Alaska Reference Database

The Alaska Reference Database originated as the standalone Alaska Fire Effects Reference Database, a ProCite reference database maintained by former BLM-Alaska Fire Service Fire Ecologist Randi Jandt. It was expanded under a Joint Fire Science Program grant for the FIREHouse project (The Northwest and Alaska Fire Research Clearinghouse). It is now maintained by the Alaska Fire Science Consortium and FRAMES, and is hosted through the FRAMES Resource Catalog. The database provides a listing of fire research publications relevant to Alaska and a venue for sharing unpublished agency reports and works in progress that are not normally found in the published literature.

 

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Displaying 1 - 10 of 12

A number of watershed partnerships have emerged in the western US to address the impacts of wildfire through investing in wildfire mitigation activities. To motivate collective action and design effective risk mitigation programs, these stakeholders...

Person: Roberts, Jones, Duke, Shinbrot, Harper, Fons, Cheng, Wolk
Year: 2019
Resource Group: Document
Source: FRAMES

Increasing private wildfire risk mitigation is an important part of the larger forest restoration policy challenge. Data from an economic experiment are used to evaluate the effectiveness of providing fuel reductions on public land adjacent to private...

Person: Prante, Little, Jones, McKee, Berrens
Year: 2011
Resource Group: Document
Source: TTRS

From the text ... 'Our work has shown that a single focal point is critical for efforts -- such as reducing severe wildland fires and the vegetation that fuels them -- that involve many federal agencies as well as state and local governments, the...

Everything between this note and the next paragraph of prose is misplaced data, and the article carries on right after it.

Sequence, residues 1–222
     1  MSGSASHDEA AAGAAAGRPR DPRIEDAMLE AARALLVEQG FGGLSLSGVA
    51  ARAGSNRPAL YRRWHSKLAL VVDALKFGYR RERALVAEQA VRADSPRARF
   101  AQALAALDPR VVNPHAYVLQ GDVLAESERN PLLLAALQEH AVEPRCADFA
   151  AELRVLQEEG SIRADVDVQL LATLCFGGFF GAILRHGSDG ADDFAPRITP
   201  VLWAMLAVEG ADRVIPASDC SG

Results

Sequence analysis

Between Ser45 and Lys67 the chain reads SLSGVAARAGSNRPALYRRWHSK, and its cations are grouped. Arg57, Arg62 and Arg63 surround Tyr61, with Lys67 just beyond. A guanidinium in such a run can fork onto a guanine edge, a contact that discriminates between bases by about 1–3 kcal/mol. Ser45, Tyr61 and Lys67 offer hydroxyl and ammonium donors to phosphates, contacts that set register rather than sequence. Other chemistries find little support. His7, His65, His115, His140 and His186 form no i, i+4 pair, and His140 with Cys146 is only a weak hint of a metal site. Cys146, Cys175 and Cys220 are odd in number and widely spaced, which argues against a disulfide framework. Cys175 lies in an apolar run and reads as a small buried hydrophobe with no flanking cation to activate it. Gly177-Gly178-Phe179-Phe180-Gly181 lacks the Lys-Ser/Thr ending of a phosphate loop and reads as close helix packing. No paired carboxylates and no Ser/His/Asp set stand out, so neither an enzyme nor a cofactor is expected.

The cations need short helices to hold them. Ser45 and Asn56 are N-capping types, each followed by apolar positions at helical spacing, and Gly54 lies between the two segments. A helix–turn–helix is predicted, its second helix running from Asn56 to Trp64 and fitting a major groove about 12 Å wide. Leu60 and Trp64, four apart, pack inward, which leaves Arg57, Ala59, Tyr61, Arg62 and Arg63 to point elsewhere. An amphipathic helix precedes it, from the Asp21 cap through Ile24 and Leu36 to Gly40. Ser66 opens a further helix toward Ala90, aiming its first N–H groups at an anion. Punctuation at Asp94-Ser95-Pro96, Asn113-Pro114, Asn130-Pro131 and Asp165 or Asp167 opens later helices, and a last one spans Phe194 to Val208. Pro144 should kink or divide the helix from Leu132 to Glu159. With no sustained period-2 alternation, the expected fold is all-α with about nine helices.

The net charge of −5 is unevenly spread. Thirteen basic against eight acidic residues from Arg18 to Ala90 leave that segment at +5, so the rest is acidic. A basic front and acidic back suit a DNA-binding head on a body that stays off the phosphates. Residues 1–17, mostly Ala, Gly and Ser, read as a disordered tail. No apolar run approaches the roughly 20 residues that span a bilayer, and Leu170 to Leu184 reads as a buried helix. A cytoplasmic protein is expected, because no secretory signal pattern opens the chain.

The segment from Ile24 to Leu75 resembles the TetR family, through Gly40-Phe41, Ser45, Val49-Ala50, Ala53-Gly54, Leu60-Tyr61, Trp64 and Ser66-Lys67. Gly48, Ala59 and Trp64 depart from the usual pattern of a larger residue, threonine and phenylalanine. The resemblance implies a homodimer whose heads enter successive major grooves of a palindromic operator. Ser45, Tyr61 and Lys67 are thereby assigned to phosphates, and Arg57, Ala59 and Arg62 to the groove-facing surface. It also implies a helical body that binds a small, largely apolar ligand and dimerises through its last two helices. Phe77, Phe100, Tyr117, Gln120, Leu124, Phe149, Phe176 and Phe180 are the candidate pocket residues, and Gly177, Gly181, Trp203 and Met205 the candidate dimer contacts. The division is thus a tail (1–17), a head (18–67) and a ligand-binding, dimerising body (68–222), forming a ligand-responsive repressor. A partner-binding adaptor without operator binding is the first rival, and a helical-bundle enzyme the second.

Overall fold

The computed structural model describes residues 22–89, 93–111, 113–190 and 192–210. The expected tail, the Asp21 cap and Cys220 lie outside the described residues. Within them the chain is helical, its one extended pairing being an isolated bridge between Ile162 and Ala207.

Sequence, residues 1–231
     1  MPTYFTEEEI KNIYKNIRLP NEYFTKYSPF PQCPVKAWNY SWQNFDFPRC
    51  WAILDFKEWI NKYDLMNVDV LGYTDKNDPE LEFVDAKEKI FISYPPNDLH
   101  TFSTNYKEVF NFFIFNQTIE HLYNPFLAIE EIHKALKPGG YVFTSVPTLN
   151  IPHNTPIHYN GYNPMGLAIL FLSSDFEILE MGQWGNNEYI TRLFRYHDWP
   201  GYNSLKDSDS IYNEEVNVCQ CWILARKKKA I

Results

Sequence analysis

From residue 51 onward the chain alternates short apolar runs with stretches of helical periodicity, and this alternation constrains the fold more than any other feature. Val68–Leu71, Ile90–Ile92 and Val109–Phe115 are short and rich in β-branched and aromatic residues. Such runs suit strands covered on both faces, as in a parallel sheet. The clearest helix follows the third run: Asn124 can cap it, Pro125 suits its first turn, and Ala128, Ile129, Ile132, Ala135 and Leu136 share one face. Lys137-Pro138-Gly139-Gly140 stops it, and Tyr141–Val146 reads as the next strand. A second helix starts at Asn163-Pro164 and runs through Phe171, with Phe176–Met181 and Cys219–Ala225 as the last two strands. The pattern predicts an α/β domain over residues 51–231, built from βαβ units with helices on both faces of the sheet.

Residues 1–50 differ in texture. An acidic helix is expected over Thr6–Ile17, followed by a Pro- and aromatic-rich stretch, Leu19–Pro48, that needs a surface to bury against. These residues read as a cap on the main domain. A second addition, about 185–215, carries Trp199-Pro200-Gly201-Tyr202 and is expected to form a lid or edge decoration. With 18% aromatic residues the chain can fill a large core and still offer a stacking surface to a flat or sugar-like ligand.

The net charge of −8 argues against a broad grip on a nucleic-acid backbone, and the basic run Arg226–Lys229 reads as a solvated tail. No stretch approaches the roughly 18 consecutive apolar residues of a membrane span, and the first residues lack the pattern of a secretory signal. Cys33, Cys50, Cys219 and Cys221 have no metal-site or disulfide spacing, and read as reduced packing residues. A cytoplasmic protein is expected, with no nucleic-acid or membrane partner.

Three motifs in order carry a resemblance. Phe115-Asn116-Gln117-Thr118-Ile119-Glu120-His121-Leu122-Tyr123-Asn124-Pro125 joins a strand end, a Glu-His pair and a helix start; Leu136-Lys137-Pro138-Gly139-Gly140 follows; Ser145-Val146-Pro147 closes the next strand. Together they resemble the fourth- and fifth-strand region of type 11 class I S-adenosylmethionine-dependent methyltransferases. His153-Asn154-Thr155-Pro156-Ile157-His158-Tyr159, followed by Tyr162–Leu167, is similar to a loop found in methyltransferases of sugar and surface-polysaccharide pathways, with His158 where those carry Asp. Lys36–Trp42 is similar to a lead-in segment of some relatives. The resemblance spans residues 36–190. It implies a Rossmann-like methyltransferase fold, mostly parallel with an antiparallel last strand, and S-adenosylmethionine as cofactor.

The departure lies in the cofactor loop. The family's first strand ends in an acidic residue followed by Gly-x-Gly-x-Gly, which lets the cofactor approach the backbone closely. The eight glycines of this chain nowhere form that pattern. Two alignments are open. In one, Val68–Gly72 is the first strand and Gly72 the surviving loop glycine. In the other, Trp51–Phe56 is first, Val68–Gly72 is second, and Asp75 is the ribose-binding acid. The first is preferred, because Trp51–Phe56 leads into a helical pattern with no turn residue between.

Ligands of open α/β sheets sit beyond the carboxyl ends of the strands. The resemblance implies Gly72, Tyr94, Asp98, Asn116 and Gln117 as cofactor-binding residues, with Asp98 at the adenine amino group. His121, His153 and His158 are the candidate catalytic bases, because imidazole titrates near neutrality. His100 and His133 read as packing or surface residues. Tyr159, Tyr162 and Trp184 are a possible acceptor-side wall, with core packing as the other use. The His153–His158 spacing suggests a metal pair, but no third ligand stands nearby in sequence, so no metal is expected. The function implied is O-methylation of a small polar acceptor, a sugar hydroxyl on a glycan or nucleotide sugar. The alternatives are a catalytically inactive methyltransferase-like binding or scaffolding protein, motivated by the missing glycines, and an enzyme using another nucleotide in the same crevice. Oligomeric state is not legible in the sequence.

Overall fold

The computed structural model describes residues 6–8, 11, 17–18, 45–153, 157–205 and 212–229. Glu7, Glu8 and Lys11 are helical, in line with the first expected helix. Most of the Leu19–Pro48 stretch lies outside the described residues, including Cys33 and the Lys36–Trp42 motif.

Person: Hill, Janik, Belak, Cotton, Dominicci, Johnson, Jones, Joy, Vargas
Year: 2002
Resource Group: Document
Source: TTRS

[no description entered]

Person: Jones, Johnston
Year: 1968
Resource Group: Document
Source: TTRS

Social Network Analysis of Disaster Response, Recovery, and Adaptation covers systematic social network analysis and how people and institutions function in disasters, after disasters, and the ways they adapt to hazard settings. As hazards become...

Person: Jones, Faas
Year: 2016
Resource Group: Document
Source: FRAMES

If you find yourself working in or with a community at risk from wildfire, it’s because fire is a component of the local ecosystems. This means that your community will be confronted with fire at some time, with the main variables being when, and under...

Person: Jones
Year: 2017
Resource Group: Media
Source: FRAMES

Large wildland fires are complex, costly events influenced by a vast array of physical, climatic, and social factors. Changing climate, fuel buildup due to past suppression, and increasing populations in the wildland-urban interface have all been...

Person: Canton-Thompson, Gebert, Thompson, Jones, Calkin, Donovan
Year: 2008
Resource Group: Document
Source: FRAMES, TTRS

We stood with the gray-haired ranger on a high ridge in Oregon overlooking a thousand square miles of forest. [from the text] The night before, my GEOGRAPHIC colleague Jay Johnston and I had watched a particularly violent thunderstorm of the type that...

Person: Jones, Johnston
Year: 1968
Resource Group: Document
Source: FRAMES

Presents a guide to the operation of MAGIS eXpress, a spatial decision support system. This program spatially schedules treatments and road activities for small landscapes to design vegetation management projects. MAGIS eXpress is designed to install...

Person: Sullivan, Jones, Krueger, Zuuring, Troutwine
Year: 2005
Resource Group: Document
Source: FRAMES

This study uses qualitative sociological methodology to discover information and insights about the role of Incident Management Teams in wildland fire suppression costs. We interviewed 48 command and general staff members of Incident Management Teams...

Person: Canton-Thompson, Thompson, Gebert, Calkin, Donovan, Jones
Year: 2006
Resource Group: Document
Source: FRAMES